New Fannie Mae Mortgage Program for Low-Moderate Income Families

HomeReady Mortgage Program   FSBOAre you trying to get out of the ever-increasing rental market but find that loan programs don’t fit your family income requirements because they can’t count the income of extended family that live in the same house? Or what about outside the house family support such as from parents?
HomeReady, the new Fannie Mae mortgage program for low-to moderate-income households is ready to roll out the details and start the program in December, 2015. Lenders will now be able to qualify borrowers by including income generated by non-borrowers living in the household. Jonathan Lawless, Fannie Mae’s VP was quoted in recent discussion reported by Lisa Prevost of the Herald Tribune: “So it’s not only common to have multiple generations or more than one family living in the same house,” he said, “but it’s something that actually helps support the household.”
The down payment requirement remains as little as 3 percent. Fees and mortgage insurance requirements will also be lower than on standard loans. All borrowers must complete a homeownership education course. The program, previously called My Community Mortgage is no longer limited to first-time homebuyers but is offered to repeat buyers in hopes to “help homeowners who lost wealth (in the form of home equity) when property values plummeted, Lawless said.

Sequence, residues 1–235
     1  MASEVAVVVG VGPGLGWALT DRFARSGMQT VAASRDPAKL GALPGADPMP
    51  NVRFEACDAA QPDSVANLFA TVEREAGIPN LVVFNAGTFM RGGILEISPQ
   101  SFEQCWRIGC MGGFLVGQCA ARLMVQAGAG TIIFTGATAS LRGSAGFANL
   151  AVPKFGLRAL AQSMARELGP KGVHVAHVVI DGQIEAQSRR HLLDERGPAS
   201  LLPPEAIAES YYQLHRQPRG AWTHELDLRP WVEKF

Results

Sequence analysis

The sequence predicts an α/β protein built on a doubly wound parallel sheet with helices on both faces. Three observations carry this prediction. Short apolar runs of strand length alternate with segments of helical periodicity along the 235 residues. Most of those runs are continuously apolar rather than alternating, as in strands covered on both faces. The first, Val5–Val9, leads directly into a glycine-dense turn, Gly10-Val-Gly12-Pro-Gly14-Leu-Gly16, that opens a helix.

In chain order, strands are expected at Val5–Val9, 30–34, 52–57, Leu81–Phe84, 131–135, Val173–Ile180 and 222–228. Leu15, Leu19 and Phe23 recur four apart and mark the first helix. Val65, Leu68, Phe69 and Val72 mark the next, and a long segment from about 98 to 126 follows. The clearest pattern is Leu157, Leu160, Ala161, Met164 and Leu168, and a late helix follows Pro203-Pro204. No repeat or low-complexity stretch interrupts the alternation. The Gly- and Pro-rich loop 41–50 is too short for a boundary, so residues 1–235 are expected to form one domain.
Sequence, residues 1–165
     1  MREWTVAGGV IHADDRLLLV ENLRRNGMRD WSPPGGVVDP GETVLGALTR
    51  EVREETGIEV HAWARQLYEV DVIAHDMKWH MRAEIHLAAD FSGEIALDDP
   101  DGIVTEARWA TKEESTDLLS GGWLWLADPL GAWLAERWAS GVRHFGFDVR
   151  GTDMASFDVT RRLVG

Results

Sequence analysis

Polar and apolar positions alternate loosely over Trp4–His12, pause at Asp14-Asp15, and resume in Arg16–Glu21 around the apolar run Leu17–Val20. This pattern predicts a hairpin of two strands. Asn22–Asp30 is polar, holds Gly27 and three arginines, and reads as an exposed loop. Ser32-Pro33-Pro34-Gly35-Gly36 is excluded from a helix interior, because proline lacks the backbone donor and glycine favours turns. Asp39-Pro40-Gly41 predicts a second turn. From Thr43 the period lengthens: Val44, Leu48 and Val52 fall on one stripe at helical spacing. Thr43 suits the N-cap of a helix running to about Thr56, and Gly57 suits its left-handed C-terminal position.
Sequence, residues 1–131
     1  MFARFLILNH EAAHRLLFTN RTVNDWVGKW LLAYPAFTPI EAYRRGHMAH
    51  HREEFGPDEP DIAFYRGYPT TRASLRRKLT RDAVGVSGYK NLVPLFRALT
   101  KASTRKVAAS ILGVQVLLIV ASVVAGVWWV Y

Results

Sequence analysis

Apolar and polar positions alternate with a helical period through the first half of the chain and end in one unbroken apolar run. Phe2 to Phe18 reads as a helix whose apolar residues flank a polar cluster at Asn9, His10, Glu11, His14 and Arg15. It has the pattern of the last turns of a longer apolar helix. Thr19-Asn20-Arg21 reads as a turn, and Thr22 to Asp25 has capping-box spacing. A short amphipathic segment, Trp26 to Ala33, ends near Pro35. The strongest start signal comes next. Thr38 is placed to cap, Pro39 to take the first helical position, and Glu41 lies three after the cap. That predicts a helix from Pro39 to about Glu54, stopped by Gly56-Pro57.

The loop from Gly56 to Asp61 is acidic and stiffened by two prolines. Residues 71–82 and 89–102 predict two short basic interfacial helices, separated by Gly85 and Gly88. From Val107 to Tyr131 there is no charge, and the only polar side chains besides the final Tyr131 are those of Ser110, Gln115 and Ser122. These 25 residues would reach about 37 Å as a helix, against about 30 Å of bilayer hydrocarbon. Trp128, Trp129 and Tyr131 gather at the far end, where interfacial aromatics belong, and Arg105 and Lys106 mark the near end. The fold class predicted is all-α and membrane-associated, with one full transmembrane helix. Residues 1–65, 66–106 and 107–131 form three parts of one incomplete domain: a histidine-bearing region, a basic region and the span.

Income requirements for purchasing in low- and moderate-income communities will differ depending on the census track the property is in. Some neighborhoods were hard hit by the housing market collapse, primarily because of loose lending practices that targeted low-income areas.
Wells Fargo is the first to get on board with the specialized program and focuses on efforts to better serve low- and moderate-income communities by increasing the company’s presence in those areas, diversifying its sales and underwriting staff, and offering more specialized mortgage programs. Is this a sign that credit is continuing to loosen? Time will tell. But, the focus is on the ability of the borrower to pay back the loan according to Brad Blackwell, an executive vice president of Wells Fargo.

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